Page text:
Today was a long and busy day, but overall I think it was pretty successful and I can't wait to see what tomorrow brings! Tuesday, December 18, 2018: Ortho Day with Tom! Today was really great because I feel like I learned so much and got to help a lot of patients. I got to do a lot of patient assessments and some dry needle procedures for muscle pain. The day started off with a huge breakfast per usual and then we were off to clinic. I was stationed with Tom, a sports medicine doctor who practices in Beverly.
We saw a lot of patients with chronic lower back pain because lifting heavy loads is a daily occurrence. Some patients presented with shoulder and knee pain. We treated many patients with dry needle trigger point injections. This is when a needle is inserted into a painful knot in the patient's muscle. It is pulled out and pushed back in repeatedly to relax the muscle and relieve the patient's pain. It's kind of like acupuncture with bigger needles and it actually enters the muscle to relax it. It was really interesting to see how quickly their pain went away after the procedure.
There were lots of children in the clinic today as well. Many of them presented with gastritis, a very common condition in this area. It's often a result of dehydration because a lot of the people in the area only drink one glass of water a day or less. A big part of our job here is patient education, so we told almost everyone we saw that they should drink 7-8 cups of pure water a day. Sometimes patients think that when you say water it means any type of liquid (juice, soda, coffee, etc.) so it was important to specify that they should be drinking pure water.
We saw about 80 patients today and I think the day went a bit more smoothly than yesterday. We all kind of got the hang of how the clinic should flow a little bit better so that was good. The day went by really quickly because we were doing procedures all day and seeing many patients.
After the walk back to the house and the debriefing we went out to dinner at Paca Paca, a pizza place that makes their pizza with quinoa crust. Quinoa is really common in Peru and the pizza was great! After that we went to a bar and ice cream place where we hung out for a little while before going back to the house and turning in for the night.
Today was a long day but it was super interesting doing the trigger point injections and learning more about sports medicine. Tom was an amazing teacher and I felt like I learned a lot from him. I'm also really interested in orthopedics and sports medicine so it was great to get a small taste of it. Wednesday, December 19, 2018: Our Last Day at Clinic in Urubamba This morning we started with our normal huge breakfast and then we walked the 1.5 miles to the clinic. I was stationed with Ari, and I felt like I learned so much working with her today because she had us ask the patient's questions and proceed with the assessments. As I've mentioned, my Spanish isn't great so Ari translated for me which was super helpful. I could understand almost everything that the patients were saying, but I just have word finding issues so she translated my questions to the patients. I feel like I learned how to be much more in depth in my patient assessment because as an EMT our patient assessments are less involved.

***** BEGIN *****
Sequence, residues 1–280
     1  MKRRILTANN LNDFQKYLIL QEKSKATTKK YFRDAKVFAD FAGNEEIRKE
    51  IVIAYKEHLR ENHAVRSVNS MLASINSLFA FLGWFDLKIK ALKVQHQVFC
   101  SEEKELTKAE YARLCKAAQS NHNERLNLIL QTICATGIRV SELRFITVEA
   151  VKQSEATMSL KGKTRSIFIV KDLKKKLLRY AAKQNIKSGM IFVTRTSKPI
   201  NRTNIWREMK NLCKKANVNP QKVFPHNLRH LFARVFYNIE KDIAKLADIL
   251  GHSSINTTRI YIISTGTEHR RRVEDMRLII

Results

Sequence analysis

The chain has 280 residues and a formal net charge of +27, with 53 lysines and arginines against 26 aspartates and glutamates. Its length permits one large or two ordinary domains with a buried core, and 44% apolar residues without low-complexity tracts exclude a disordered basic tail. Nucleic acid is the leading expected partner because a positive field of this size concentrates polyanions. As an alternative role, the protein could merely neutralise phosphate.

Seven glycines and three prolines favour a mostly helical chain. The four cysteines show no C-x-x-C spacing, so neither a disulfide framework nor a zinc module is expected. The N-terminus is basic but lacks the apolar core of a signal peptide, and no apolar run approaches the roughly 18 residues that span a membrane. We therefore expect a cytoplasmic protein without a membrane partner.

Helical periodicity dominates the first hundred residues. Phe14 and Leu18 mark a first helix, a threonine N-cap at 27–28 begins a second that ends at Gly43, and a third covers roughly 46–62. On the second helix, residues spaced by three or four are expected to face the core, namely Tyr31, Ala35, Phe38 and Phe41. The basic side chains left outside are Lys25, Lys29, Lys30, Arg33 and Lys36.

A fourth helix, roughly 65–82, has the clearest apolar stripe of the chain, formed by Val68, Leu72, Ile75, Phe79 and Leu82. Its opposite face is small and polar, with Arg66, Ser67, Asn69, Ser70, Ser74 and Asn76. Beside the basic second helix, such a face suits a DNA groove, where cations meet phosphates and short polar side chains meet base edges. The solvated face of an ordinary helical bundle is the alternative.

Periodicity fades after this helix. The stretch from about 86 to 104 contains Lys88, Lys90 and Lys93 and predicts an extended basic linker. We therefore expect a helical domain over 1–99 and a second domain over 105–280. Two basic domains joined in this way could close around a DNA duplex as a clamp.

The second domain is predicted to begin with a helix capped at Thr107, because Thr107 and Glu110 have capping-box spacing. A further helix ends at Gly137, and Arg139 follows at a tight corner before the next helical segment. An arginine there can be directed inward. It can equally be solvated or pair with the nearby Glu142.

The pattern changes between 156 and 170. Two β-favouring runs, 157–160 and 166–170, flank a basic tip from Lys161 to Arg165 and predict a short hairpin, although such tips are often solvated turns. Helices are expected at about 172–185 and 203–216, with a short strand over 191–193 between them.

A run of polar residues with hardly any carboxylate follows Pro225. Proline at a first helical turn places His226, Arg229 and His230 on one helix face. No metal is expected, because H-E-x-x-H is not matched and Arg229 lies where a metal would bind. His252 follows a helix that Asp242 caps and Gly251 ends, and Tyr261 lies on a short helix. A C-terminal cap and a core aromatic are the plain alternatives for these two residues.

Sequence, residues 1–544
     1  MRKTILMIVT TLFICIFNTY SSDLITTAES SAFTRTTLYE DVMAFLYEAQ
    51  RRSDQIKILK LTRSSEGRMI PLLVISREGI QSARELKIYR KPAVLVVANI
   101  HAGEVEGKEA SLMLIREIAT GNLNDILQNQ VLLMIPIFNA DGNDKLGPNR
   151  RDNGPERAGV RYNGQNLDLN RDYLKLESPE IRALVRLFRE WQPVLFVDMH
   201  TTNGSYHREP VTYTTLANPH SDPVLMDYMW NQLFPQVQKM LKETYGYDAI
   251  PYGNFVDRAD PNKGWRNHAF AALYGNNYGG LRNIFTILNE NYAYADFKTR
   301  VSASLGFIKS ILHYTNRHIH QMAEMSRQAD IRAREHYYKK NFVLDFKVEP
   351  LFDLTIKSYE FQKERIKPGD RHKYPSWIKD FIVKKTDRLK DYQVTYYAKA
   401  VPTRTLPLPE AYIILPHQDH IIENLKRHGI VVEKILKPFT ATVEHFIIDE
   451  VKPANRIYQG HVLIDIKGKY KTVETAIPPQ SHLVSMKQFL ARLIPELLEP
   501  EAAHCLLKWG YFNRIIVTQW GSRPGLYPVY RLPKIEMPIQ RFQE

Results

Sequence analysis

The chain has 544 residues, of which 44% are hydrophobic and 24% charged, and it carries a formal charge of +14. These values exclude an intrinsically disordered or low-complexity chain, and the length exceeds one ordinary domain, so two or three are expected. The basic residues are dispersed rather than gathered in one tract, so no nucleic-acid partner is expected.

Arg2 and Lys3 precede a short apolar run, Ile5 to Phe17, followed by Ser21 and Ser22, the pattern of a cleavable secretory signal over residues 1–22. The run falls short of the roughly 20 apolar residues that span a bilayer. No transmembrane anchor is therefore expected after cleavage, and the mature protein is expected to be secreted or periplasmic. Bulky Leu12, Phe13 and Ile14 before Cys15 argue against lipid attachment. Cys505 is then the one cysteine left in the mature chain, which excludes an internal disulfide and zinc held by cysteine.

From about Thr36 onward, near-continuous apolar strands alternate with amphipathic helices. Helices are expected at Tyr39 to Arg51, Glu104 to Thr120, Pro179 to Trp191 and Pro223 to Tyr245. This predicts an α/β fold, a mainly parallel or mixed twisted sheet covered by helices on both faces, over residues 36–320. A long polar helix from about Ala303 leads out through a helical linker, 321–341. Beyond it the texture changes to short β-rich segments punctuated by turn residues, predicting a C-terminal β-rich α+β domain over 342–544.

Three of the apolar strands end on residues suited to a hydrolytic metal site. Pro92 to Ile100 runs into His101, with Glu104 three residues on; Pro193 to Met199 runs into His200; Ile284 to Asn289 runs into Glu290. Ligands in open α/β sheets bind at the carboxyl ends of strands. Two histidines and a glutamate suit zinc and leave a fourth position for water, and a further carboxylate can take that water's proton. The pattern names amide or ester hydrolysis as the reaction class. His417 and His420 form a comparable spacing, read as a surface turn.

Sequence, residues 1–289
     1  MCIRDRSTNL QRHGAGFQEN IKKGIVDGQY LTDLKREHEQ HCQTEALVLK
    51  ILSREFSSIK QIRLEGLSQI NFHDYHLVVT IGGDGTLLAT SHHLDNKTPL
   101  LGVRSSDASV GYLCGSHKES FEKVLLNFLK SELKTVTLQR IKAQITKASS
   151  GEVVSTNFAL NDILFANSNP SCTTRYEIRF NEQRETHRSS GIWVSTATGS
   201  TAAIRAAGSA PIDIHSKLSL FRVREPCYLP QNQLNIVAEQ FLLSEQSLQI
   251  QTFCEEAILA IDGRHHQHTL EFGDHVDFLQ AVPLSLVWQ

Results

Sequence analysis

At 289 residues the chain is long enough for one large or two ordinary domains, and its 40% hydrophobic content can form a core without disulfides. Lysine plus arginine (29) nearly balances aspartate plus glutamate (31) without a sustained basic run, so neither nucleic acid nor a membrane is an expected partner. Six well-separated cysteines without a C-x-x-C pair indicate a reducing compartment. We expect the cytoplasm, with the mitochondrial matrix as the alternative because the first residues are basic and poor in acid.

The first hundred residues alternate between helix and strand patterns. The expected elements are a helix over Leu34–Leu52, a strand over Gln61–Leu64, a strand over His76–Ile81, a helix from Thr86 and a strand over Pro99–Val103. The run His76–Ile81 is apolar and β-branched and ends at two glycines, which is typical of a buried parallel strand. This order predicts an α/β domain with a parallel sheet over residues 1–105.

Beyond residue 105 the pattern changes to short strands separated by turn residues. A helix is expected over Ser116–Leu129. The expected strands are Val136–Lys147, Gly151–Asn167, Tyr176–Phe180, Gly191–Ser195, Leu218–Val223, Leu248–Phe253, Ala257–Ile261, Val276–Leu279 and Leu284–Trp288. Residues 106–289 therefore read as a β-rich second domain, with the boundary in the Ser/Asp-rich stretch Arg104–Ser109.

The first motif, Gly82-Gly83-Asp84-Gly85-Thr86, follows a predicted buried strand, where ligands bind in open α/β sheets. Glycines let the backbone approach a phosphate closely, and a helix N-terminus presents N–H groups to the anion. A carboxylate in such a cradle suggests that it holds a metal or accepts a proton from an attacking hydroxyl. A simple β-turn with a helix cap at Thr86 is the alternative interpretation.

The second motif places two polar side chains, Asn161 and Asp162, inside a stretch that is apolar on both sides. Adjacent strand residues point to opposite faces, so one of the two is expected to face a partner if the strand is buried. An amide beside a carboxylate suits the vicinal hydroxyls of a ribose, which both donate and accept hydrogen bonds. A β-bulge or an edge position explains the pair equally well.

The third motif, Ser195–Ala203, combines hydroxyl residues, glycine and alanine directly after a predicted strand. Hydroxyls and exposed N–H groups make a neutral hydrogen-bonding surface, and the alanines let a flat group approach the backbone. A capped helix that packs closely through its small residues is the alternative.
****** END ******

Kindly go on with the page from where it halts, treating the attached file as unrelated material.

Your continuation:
We had a lot of cases of lower back pain because a lot of the patients had come down from the mountains where they work in the fields all day. We also got a few more interesting cases. The first was an 83 year old woman with aortic stenosis and a very prominent murmur. She also had mitral prolapse causing heart failure with reduced ejection fraction that we could see on an echocardiogram. In addition she had previously had surgery for her cataracts, but something had gone wrong with the surgery because her pupil was displaced and she couldn't see out of her right eye at all.
We also saw a patient with gallstones that we found with an ultrasound. I had never seen them before so it was really cool to be able to connect her symptoms with a diagnosis that we could see so clearly. The people that came down from the mountains were in better shape than most people I've seen of their ages. It was very obvious that the people of these mountain communities work incredibly hard throughout their lives. Today was also our first taste of the rainy season with pouring rain in the middle of the day for about two hours, the first true storm we had encountered.
We saw about 90 patients today making it a really busy day at the clinic. It was a long day, starting at 8:30 and ending around 5:30, but it was another really rewarding experience even though we were all exhausted by the end of it.
After we walked back to the house and debriefed, Tom and Kathy showed a few of us some phlebotomy skills and let us practice on them. It was really nice of them to teach us and we all succeeded in hitting the veins on our first try. It goes to show again how much they care about helping us be better providers in the future and the type of hands on support and experience we've gained throughout the trip.